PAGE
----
Yesterday, we took a boat ride up the Loxahatchee River. We saw an alligator sunning on the bank, a manatee hiding in the warm, shallow waters and lots of birds. Osprey, Cormorants and Great Blue Herons.
We visited the camp of "Trapper Nelson", also known as "Wild Man of the Loxahatchee", who lived in the jungle along the banks of the river for over thirty years. A trapper cum entrepreneur, Nelson built a wilderness compound that included a zoo, picnic grounds and boat house. Wealthy tourists from Palm Beach used to boat up the river for an afternoon of authentic rustication. And alligator wrestling.
I am happy to report that the camp site, while preserved for historic purposes, no longer hosts bobcats, rattlesnakes and alligators. At least, none that we saw while hiking around.
There was apparently a Mrs. Trapper Nelson, but she didn't last long. I guess it was all a bit too far out of her comfort zone.
As we prepare to wind up our time here, I am grateful for our adventures. The time we've spent together -- as a family and with friends -- has been wonderful.
I will miss the sunshine, the warmth and the relaxed interactions with my children.
On the benefits of getting away from it all... and keeping in touch in the process.
Greetings from the tropics... or at least, Florida. We’re still here, now spending a few days on the east coast, visiting friends of the family. We drove over with my mother yesterday. My parents’ house is about a hundred and fifty miles from here, but she hasn’t made the trip in over ten years.
Which is a lesson for us all. Time passes quickly. Fortunately, these are the best type of friends: The kind where you feel like you just saw them yesterday, no matter how long it’s been. (And we’ve seen them in other places, so it’s not as bad as it sounds.)
My sons think we have discovered the coolest place ever. There is a freshwater pond in the back yard, complete with fishing dock. They haven’t caught anything yet, but that’s probably not really important. They are loving the process.
Conscious parenting is all about living in the moment... but sometimes, we parents need a reminder.
I am sitting in the lanai (Florida-speak for screened-in porch), listening to the rustle of palm trees. There is bamboo growing at the edge of the deck. It is about fifteen feet tall. We don’t have bamboo in New England, except for the little pot of “lucky bamboo” on my kitchen windowsill, which is sadly not thriving.
“Valentine: a written or other artistic work, message, token, etc., expressing affection for something or someone.”
Greetings from Florida. We are here visiting Grandma and Grandpa, who celebrated their fifty-first wedding anniversary on Super Bowl Sunday. I guess they qualify as sweethearts. Over the years, they’ve gotten understandably good at the whole Valentine’s Day thing. They went out to dinner on Friday (to avoid the crowds and craziness) and loaded up on their favorite chocolates.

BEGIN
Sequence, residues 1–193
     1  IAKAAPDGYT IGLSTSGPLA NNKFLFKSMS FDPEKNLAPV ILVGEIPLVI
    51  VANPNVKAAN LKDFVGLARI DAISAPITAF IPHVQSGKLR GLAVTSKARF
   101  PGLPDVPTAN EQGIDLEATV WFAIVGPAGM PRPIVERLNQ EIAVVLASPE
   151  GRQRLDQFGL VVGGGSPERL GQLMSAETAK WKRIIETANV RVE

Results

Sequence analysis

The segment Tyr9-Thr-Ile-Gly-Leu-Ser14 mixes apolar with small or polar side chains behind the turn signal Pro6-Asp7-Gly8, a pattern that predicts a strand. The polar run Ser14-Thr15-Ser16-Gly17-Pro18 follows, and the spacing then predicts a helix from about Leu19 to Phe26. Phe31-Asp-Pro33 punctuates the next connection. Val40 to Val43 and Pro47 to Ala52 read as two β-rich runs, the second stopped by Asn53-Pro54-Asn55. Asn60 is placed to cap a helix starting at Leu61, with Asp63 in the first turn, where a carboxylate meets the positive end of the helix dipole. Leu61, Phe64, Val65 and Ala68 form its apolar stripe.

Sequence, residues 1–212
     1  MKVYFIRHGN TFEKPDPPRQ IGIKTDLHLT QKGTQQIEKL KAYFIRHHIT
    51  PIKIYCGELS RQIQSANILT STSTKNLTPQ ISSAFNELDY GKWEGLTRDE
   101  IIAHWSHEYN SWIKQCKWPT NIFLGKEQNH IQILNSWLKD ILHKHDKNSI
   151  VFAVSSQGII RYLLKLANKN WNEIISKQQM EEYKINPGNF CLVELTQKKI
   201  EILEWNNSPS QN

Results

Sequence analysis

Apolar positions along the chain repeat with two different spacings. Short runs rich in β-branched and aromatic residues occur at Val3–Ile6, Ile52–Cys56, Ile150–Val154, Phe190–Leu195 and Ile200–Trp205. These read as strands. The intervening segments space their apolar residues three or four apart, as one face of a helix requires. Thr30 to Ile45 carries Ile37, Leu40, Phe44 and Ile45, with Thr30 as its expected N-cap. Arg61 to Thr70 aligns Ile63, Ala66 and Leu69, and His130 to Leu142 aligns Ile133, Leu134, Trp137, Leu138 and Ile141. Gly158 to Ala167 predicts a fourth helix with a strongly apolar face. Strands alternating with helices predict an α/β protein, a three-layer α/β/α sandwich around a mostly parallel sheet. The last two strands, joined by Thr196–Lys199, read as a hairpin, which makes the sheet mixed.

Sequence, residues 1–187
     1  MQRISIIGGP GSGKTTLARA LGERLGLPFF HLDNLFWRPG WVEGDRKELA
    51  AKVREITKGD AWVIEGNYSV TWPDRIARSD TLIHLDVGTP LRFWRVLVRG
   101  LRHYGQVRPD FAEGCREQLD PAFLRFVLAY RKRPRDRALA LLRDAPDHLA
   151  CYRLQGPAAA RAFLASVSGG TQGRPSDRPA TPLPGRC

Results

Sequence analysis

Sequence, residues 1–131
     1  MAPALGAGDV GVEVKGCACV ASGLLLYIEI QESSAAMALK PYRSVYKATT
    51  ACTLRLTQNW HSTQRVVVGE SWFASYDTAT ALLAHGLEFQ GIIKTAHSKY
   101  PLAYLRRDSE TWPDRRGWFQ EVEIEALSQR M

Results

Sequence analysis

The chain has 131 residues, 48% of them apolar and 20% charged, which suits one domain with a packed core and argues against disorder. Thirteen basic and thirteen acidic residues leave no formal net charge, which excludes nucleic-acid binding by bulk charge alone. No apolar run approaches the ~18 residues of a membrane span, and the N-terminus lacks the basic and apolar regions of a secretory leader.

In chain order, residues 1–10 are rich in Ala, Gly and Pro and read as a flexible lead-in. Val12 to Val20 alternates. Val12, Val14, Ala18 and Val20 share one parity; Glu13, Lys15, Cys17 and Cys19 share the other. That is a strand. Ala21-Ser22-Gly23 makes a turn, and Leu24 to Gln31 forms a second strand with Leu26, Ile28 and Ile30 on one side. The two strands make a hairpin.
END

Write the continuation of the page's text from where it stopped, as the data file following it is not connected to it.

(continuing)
Happy Valentine’s Day, Mom and Dad!
While the origins of Valentine’s Day are rather murky – and not at all about romance – it has become something of a big deal in a handful of countries, including the United States, Canada and Mexico.
The most popular expression of love and affection? The valentine card, of course! Be they romantic or humorous; addressed to a sweetheart, family member, friend or school teacher; the Greeting Card Association estimates that one billion valentine cards will be exchanged in the US this year.
My eleven-year-old son was recently tasked with writing a “How-to” essay for his fifth grade language arts class. The topic he chose? “How to Live an Organic Lifestyle.” He asked me a few questions, wrote a draft or two, then typed it all up and stapled it into a beautiful cardboard cover. His teacher was happy, although she did make a couple structural suggestions, which we’ve incorporated here. I asked for permission to share it with my readers and he said, “Uh, sure.” In case you wanted to know:
How to Live an Organic Lifestyle by my fifth-grade blogging partner
“To live a successful organic life, you need to know what organic means and where to find organic foods. Being organic is a lifestyle choice. It also means eating healthier and not eating processed foods.
First, you need to know why you are eating organic. My reason is my mom. She was having stomach pains so she went to a doctor, a nutritionist and a naturopath. Finally she found out she was allergic to bananas, wheat and sugar cane.
Would you like to look younger, feel younger, live younger? Midlife parenting means you have access to your very own fountain of youth: Your children!
My mother was forty-five years old when she gave birth to my sister Elizabeth – her tenth child. While I was polishing off my first year of college, my mother was dusting off the baby carriage. I will not be revealing a huge family secret to say, this baby was not exactly planned.
She was certainly welcomed, however, rather like a delightful little chocolate at the end of a long but satisfying meal. Surprising, and cute as a bonbon.
It was all very entertaining for our friends and neighbors. Even my college roommates were eager to make the trip home with me on weekends, to observe this wonder of nature. (The baby, I mean. Although, my mother was rather impressive in her own right.)
Meg Brown is a Certified Professional Coach, former corporate executive and mother to two adolescent sons. Meg specializes in coaching passionate individuals who seek to make the most of their midlife journey.